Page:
Final Reflections on Les Miserables

Having completed the gargantuan Les Miserables, I feel as though the sun has finally emerged after a week of dreary rain. It’s not so much because I didn’t enjoy the book; more because they was an underlying theme of despair, even throughout Marius and Cosette’s romance. And despite my lavish praise for it, the last few chapters of Volume I dragged on, and I was reluctant to pick up Vol II afterwards. I had an inkling, though, that I would somehow conveniently ‘forget’ Les Miserables if I didn’t return to it soon, and so I told myself that it was okay to read both A Suitable Boy and Les Mis at the same time. It was undoubtedly the right thing to do, although it means that I’ve broken my pledge to read only one book at a time.

Volume II was marvelous – exhausting, but marvelous. In Volume I, Hugo demonstrated his prowess as both storyteller and philosopher. In Volume II, however, he revealed that he was also a poet!

Of all things, I never expected Hugo’s prose to be lyrical. Of course, after Cosette and Jean Valjean escaped the Thenardiers, Hugo began to introduce gentler themes than those explored in the early chapters of the novel. And yet with the introduction of Marius, something else happened. I adored the chapter ‘A heart under a stone’, in which Marius leaves his love ‘letters’ under a stone –

A glimpse of a smile under a white crepe hat with a lilac coronet is enough, for the soul to enter into the palace of dreams


I met in the street a very poor young man who was in love. His hat was old, his coat was threadbare – there were holes at his elbows; the water passed through his shoes and the stars through his soul.

And of course, there was before that, a beautiful description of a shrub in Cosette’s garden:

In Floreal, this enormous shrub, free behind its gratings and within its four walls, warmed into the deep labour of universal germination, thrilled at the rising sun almost like a stag which inhales the air of universal love and feels the April sap mounting and boiling in his veins, and shaking its immense green antlers in the wind, scattering over moist ground, over the broken statues, over the sinking staircase of the summer house, and even over the pavement of the deserted street, flowers in stars, dews in pearls, fecundity, beauty, life, joy, perfume. At noon, a thousand white butterflies took refuge in it, and it was a heavenly sight to see this living snow of summer whirling about it in flakes in the shade. At night, a dreamy vapour arose from the garden and wrapped it around; a shroud of mist, a calm and celestial sadness, covered it; intoxicating odour of honeysuckles and bindweed rose on all sides like an exquisite and subtle poison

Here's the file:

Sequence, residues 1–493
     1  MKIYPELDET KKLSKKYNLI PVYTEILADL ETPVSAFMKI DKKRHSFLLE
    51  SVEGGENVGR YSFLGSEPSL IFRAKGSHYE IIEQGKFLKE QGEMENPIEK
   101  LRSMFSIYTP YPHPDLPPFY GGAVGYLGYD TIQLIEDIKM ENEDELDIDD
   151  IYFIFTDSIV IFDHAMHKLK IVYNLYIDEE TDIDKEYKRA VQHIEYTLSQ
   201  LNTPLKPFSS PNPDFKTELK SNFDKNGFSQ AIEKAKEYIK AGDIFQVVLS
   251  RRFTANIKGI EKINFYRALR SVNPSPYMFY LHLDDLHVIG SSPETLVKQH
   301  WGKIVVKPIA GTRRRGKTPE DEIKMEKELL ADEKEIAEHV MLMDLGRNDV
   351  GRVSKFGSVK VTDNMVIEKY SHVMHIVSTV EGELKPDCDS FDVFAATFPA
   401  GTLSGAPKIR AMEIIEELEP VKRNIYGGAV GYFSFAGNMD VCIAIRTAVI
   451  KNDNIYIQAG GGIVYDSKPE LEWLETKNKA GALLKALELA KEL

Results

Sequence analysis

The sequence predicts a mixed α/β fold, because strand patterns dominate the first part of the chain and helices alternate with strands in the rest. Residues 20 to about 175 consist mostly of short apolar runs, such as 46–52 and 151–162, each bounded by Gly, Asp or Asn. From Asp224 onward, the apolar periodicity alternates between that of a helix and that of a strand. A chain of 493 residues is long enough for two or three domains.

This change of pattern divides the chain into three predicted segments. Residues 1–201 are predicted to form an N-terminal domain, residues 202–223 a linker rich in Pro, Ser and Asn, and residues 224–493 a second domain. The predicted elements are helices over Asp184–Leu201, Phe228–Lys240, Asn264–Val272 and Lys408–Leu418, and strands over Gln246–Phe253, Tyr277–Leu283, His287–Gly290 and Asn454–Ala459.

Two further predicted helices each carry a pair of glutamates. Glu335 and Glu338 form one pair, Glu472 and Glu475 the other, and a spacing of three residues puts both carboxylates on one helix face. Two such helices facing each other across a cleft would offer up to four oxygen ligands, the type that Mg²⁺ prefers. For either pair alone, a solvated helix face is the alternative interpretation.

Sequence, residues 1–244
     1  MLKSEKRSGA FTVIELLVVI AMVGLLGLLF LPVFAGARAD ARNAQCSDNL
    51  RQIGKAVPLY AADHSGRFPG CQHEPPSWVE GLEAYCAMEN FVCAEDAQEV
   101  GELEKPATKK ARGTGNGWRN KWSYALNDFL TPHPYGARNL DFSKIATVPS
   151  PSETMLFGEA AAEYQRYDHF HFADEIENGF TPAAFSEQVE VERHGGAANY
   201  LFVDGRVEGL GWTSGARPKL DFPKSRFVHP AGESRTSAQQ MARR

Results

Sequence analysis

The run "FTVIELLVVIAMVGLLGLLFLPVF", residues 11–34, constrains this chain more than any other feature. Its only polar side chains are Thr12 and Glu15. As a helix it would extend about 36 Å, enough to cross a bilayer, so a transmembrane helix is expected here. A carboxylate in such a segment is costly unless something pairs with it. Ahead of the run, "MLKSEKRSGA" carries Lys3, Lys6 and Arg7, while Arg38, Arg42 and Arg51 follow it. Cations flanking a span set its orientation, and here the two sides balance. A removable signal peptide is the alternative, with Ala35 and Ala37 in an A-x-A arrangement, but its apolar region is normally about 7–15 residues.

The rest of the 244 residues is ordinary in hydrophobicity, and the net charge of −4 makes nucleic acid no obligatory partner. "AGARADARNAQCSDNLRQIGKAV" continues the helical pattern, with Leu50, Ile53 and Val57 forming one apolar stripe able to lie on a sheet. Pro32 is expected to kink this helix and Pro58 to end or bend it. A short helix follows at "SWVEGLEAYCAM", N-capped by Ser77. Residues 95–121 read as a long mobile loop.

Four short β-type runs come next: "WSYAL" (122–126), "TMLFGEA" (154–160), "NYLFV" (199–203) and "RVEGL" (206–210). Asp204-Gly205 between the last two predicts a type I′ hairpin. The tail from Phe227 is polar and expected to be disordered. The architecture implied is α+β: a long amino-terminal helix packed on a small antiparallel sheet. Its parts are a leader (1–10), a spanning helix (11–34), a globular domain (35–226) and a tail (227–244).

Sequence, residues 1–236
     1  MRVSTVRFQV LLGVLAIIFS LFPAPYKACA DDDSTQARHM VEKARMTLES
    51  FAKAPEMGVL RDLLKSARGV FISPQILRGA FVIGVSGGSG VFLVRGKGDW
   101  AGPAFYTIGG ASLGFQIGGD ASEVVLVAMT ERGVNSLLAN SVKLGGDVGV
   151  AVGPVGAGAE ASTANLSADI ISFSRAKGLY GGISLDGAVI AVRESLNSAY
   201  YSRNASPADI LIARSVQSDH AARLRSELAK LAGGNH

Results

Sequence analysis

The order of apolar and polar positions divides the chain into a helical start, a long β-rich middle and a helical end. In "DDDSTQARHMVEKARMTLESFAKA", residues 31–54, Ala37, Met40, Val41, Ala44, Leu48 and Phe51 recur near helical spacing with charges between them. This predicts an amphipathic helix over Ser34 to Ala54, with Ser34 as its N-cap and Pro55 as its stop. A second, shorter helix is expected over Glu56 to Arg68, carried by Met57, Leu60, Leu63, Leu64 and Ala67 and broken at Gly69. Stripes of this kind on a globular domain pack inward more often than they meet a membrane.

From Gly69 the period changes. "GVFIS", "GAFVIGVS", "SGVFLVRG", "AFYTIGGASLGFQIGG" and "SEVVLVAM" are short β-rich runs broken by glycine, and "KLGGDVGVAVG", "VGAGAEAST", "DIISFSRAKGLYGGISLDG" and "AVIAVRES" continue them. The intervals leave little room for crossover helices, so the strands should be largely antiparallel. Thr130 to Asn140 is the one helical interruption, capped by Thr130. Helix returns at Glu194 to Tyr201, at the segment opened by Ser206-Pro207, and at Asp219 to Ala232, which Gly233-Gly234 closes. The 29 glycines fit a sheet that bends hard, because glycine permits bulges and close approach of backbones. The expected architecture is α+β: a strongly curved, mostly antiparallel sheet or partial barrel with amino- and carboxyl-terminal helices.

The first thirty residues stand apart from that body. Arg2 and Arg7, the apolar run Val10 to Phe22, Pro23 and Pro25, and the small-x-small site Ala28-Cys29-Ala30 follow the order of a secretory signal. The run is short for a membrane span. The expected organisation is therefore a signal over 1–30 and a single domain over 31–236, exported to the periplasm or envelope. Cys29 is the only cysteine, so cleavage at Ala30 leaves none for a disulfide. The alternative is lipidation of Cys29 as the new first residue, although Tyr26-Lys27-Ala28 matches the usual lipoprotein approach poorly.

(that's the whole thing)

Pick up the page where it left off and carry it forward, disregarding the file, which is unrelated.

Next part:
Towards the end, Hugo rushed to tie all the loose ends together, and since his plot was vast, the rushed feeling was correspondingly more noticeable. Still, I love a happy ending, so I was immensely pleased that Marius discovered the truth about Jean Valjean.

One thing I truly regret about my first Les Miserables reading experience is that I skimmed over the majority of Hugo’s ‘off-tangents’. These sorts of deviations and digressions were all relevent in hindsight, and were perhaps more integral to the plot than what I perceived to be the main storyline. As a consequence, I feel I missed out on the true purpose of this book. Some books exist for a quick read, some (seemingly) for no reason at all; others are meant to be savoured. Les Miserables is clearly the latter.

I failed to savour it.  But that’s okay. It gives me yet another excuse to re-read it. For now, though, it’s onto other new, exciting books.


6 thoughts on “Final Reflections on Les Miserables

  1. I always have to have more than one book going at a time! I could never limit it! (Of course, I have about six right now, and that’s too many.)

    Yes, I agree that Les Mis is a book to be savored. It’s hard to savor a book when there are so many calling to be read, however! I’m realizing this…

    1. Rebecca – wow, six. I mostly average two or three at a time. Hm, next time I read it, I’ll be trying a different copy. Stupid Wordsworth and their miniscule print! Maybe I’ll be able to savour it better when I can actually read the writing.

  2. I read an abridged version of this in high school, and fell in love with it , so I went on to read the full version, which I have read twice. I’m also a bit fanatical about the musical!
    I also can’t help but read more than one book at a time. Some people think this is strange, but I don’t see it as any different than watching more than one TV show in a week.
    I have also read Hugo’s The Hunchback of Notre Dame and Toilers of the Sea. The first is great if you skip the LONG section describing the cathedral and surrounding area, and Toilers of the Sea I found beautiful but depressing.
    This comment is a bit rambly–sorry!

  3. Chain Reader – I’d be quite amused if the abridged version was just the unabridged version minus the excessive descriptions of Parisian sewers, and the battle tactics at Waterloo. Hugo does like to ramble a bit.

    I think I read Notre Dame a few years ago, but it mustn’t have been very memorable because I cant remember what I thought of it. I’ve never heard of Toilers of the Sea, though. Will add it to my TBR list.

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